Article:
Monday, August 22, 2011

An Interactive Internship

This summer, I had the privilege to intern at the Jewish Historical Society of Greater Washington. I hope to one day work in a Jewish museum, and have served as an intern at the Jewish Museum of Milwaukee and as a volunteer docent at the U.S. Holocaust Memorial Museum. As a museum studies student with many interests, what attracted me most to the Society was the opportunity to work on a wide range of projects instead of being restricted to one department as is often the case at larger institutions. Some of my projects included:
  • Developing a cumulative timeline of local Jewish history
  • Adding new sections to an online exhibit
  • Helping set up and take down traveling exhibits
  • Leading tours of the historic Adas Israel synagogue
  • Assisting with public programs and special events
  • Collecting content for an informational fundraising packet
My experiences at JHSGW showed me how small museums meet the challenges that larger museums may never need to worry about. I was thoroughly impressed by the creativity staff members used to collect, preserve, and share local Jewish history to the public. The staff invited me to share my input and become part of the program-building team. I even got to go on staff field trips to visit the Jewish Museum of Maryland and the German-American Heritage Museum, where we shared ideas and experiences with our colleagues. This hands-on approach enabled me to apply what I learned in my scriptwriting, marketing, fundraising, and history classes to real-life situations and tasks in the museum. I really enjoyed being able to work with every member of the JHSGW staff at some point over the course of the summer, whether it was assembling mailings, brainstorming new organizational logos, or leading a tour.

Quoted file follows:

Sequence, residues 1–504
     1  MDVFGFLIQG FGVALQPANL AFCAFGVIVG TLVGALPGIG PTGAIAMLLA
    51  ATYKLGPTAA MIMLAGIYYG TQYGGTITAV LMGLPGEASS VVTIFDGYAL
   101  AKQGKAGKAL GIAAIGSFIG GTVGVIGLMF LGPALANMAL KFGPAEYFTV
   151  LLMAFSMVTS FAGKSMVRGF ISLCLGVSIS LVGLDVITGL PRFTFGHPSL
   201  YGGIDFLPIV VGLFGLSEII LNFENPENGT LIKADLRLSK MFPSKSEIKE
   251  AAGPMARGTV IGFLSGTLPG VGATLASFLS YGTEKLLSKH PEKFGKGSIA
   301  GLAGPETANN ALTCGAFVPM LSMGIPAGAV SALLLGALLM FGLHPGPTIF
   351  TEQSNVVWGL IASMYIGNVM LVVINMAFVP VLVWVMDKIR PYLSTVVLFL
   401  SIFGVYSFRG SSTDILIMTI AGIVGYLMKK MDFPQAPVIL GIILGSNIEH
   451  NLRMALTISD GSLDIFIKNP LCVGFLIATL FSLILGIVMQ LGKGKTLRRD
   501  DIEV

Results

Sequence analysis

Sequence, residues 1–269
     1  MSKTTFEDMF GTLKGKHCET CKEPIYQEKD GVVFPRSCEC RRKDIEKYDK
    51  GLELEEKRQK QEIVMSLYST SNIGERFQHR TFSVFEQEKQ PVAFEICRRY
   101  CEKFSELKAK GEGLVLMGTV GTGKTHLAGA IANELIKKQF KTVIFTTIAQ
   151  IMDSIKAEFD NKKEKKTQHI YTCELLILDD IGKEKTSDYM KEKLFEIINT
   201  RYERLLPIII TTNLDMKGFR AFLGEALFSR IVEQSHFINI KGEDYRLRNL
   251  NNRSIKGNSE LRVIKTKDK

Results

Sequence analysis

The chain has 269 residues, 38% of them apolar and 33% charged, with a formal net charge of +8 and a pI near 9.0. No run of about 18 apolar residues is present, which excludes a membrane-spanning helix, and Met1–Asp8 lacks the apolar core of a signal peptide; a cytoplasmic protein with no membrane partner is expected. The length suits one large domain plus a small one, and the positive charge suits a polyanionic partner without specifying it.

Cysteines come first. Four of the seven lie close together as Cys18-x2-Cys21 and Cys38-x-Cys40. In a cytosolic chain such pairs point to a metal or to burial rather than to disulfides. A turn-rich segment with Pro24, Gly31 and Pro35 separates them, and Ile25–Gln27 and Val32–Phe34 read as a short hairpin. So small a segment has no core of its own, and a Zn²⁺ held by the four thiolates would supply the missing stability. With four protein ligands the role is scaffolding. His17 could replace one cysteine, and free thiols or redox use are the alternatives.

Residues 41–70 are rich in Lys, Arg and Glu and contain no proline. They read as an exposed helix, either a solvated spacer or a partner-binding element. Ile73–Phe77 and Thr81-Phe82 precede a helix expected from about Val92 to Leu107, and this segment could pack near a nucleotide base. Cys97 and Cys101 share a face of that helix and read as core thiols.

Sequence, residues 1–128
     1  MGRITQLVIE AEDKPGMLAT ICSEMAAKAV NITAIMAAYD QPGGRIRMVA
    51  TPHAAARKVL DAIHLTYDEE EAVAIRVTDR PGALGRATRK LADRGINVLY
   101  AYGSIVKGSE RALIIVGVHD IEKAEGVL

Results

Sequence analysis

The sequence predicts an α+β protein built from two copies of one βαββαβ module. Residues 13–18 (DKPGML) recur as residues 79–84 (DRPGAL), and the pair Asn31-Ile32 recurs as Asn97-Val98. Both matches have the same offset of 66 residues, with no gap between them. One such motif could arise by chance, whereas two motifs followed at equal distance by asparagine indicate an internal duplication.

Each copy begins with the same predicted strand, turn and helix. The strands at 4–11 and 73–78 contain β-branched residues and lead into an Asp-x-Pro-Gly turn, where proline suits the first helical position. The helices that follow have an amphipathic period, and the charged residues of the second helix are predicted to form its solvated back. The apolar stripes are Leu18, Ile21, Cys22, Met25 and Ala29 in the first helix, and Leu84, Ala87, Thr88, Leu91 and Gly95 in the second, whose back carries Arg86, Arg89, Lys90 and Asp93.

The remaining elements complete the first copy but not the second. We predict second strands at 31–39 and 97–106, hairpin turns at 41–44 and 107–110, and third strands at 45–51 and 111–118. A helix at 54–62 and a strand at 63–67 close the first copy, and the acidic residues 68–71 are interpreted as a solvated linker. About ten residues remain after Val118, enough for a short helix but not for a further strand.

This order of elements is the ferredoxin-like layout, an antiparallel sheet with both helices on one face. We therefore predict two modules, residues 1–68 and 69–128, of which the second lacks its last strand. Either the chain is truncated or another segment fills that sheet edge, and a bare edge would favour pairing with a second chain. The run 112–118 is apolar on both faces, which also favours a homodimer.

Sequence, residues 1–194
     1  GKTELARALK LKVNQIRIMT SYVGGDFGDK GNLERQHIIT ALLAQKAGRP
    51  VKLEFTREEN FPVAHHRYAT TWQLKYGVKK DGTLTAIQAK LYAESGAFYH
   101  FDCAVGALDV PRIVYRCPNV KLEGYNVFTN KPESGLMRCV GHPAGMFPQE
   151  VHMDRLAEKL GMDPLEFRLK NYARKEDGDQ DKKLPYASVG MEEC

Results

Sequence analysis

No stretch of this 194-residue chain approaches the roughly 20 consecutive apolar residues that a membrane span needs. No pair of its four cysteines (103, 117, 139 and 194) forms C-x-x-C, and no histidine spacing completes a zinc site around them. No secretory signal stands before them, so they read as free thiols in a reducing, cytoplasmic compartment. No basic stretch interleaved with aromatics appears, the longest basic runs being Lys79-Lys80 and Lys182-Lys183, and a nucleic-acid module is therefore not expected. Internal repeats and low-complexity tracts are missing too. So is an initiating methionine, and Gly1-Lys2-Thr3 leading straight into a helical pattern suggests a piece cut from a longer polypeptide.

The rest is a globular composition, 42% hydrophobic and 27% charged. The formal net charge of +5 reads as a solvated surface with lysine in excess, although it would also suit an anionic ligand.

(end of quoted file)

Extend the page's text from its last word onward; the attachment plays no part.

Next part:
My favorite undertaking this summer was leading tours of the 1876 Adas Israel Synagogue because I loved interacting with the visitors. The tours gave me the opportunity to share what I had learned about local Jewish Washington with the visitors. I loved the connections that I could draw between national and local history. I loved the discussions and dialogues that often began between the visitors and the museum staff, enabling both audiences to actively participate. More than anything, I loved the wide-open eyes and grins of amazement that the visitors made when I told them that the synagogue had moved three blocks on wheels, and would be moving again. The visitors asked all sorts of great questions, and I had a lot of fun answering them or in some cases throwing the questions back to the audience for ongoing discussion.

I am not ready to leave this internship, but alas my time is up. I plan to continue as a volunteer tour guide for both synagogue and walking tours in the fall, and I look forward to seeing what the Society does next!

Samantha Bass is a second-year Master’s student at The George Washington University, where she studies exhibit development, museum administration, and history.

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